Mary Mag | Biography
Here are Mary's greatest moments, told in the Bible's own words...
Mary the disciple
Mary anoints Jesus
Discovering Jesus' empty tomb
Mary and "the gardener"
We know hardly anything for sure about Mary. The churches even disagree about which stories in the Bible are supposed to be about her.
She is named in the Gospels as one of the close followers of Jesus who travelled with him, and we are told that Jesus had sent seven demons out of her. And that's it until she steps suddenly into the spotlight, being the first person to meet the risen Jesus on the Sunday after Good Friday, because she stayed mourning at his tomb after everyone else had gone.
However, there is also a Mary in the Gospels who is the sister of Martha and Lazarus. She is commended by Jesus for listening to his teaching while her sister did the housework and tutted.
There is also "a woman who had lived a sinful life in that town" who poured perfume and wept tears on Jesus' feet and wiped them dry with her hair. The Gospels of Matthew, Mark and Luke do not name her, but John's Gospel says she was Mary, the sister of Martha.
The Catholic church says that all three are Mary Magdalene, while the Orthodox church sees them as three separate women.
According to later tradition, Mary became a great missionary, but she disappears from the Bible after the resurrection. Eastern tradition says that she ended up in Ephesus (in modern Turkey). The Western tradition with a slightly greater stretch of the imagination puts her in France.
Along with two other biblical Marys, Mary Magdalene is said to have fled persecution in Palestine all the way to Provence in France. At least, it's said in Provence. Their arrival is celebrated every year on Three Mary's Day, 25 May.
Medieval legend said that Mary had been betrothed to the disciple John until their burgeoning holiness put a stop to that kind of thing.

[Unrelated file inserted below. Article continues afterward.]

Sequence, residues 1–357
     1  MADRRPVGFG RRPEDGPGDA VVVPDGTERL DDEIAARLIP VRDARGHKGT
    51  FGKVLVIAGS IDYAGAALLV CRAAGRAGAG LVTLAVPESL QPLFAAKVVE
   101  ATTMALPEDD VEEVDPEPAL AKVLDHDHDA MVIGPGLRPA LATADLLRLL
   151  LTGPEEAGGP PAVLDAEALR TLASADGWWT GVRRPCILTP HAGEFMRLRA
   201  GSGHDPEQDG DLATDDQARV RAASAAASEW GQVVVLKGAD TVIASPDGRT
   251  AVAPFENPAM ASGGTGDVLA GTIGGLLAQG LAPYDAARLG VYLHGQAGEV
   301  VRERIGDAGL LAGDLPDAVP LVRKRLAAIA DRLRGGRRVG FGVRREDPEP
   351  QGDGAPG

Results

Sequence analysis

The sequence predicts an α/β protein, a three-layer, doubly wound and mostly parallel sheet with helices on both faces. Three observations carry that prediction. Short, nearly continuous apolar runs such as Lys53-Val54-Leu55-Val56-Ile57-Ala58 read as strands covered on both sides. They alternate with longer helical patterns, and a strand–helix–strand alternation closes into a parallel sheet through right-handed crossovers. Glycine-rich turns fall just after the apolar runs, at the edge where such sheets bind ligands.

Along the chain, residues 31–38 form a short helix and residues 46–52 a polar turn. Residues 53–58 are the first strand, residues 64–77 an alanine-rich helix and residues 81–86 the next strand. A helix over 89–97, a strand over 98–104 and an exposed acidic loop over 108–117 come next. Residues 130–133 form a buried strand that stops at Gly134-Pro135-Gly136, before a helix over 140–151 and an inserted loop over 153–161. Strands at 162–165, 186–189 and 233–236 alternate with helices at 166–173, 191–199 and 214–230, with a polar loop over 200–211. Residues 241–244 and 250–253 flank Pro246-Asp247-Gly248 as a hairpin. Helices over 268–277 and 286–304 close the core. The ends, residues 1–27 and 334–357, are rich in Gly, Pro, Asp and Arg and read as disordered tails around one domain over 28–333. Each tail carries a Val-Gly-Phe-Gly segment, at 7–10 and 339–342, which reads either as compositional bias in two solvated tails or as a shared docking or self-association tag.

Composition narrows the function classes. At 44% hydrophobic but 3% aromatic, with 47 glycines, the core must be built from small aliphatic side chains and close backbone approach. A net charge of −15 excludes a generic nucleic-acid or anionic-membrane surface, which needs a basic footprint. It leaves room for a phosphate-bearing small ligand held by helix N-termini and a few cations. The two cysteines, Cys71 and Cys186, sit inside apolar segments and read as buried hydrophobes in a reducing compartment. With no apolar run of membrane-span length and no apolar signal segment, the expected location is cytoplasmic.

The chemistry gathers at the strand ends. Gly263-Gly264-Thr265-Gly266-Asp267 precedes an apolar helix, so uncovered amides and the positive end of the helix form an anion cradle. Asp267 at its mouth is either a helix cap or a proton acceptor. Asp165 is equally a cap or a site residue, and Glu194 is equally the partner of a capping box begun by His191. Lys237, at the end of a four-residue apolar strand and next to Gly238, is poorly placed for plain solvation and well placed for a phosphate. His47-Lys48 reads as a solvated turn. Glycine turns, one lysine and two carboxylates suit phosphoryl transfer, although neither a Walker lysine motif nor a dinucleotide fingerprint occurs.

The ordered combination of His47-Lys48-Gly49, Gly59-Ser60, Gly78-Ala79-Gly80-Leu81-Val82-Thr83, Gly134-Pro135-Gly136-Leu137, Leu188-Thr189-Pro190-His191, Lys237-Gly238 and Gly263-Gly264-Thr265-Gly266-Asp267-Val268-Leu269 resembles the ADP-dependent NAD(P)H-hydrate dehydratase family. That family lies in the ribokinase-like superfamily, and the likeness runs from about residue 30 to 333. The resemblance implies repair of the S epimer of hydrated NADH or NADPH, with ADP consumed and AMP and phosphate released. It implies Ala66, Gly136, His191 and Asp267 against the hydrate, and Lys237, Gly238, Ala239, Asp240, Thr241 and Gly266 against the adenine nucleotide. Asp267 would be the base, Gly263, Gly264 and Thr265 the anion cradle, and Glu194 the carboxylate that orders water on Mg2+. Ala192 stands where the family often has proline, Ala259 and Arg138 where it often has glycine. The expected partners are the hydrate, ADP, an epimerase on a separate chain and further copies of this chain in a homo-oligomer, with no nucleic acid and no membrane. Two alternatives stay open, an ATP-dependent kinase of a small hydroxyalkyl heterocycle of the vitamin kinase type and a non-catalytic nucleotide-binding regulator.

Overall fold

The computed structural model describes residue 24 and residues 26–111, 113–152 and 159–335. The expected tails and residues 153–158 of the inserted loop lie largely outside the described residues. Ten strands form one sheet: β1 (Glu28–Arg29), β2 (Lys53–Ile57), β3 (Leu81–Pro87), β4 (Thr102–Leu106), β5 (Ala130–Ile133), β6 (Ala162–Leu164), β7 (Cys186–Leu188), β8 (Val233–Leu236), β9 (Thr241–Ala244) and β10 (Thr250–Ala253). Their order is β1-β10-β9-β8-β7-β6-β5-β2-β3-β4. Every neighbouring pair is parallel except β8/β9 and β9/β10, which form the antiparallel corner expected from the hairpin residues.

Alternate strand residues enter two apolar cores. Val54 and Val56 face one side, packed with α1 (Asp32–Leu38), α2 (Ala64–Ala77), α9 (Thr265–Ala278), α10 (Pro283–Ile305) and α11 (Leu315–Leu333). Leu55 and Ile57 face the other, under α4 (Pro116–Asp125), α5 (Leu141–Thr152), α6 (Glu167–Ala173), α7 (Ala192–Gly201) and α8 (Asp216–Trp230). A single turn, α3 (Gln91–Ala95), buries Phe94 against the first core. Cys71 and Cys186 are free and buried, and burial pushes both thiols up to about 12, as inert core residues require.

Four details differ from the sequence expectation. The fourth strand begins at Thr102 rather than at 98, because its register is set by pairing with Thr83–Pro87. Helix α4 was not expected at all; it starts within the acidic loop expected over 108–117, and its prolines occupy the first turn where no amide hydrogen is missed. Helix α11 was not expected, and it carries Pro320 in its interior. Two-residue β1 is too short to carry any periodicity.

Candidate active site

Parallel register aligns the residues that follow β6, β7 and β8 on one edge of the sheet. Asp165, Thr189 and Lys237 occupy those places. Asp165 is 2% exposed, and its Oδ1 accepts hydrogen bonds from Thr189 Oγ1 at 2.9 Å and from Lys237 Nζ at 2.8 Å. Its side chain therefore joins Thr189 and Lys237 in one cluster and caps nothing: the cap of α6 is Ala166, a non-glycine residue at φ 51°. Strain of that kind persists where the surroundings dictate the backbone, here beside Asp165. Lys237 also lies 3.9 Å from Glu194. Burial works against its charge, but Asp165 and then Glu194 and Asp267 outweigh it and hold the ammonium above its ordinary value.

More modern mythology makes her the lover of Jesus.
The grotto at the convent chapel of La Sainte-Baume in France is said to contain Mary's head.
Mary is the patron saint of prostitutes, contemplatives, hairdressers, repentance and sexual temptation.
She is represented in art by an alabaster jar.
Both Oxford and Cambridge Universities have colleges named Magdalen after her, though in both cases, for reasons best known to themselves if at all, the word is pronounced "maudlin".
Also named after her are the Magdalene, a house for recovering prostitutes; the Magdalenian era, an early phase of the stone age; and, now I come to think of it, the word "maudlin" itself.
"She wasn't this 'anything for a fiver, honey.' She was a peer to Jesus."
"Mary Magdalene is really someone who has made the church very uncomfortable. That is why you have two Marys in the Bible: one that is very sexual, and one that is virtuous and spiritual, cut off from her sexuality."
"We should reflect on Mary's attitude and the great love she felt for Christ; for though the disciples had left the tomb, she remained. She was still seeking the one she had not found, and while she sought she wept; burning with the fire of love, she longed for him who she thought had been taken away. And so it happened that the woman who stayed behind to seek Christ was the only one to see him."
Pope Gregory the Great, 6th century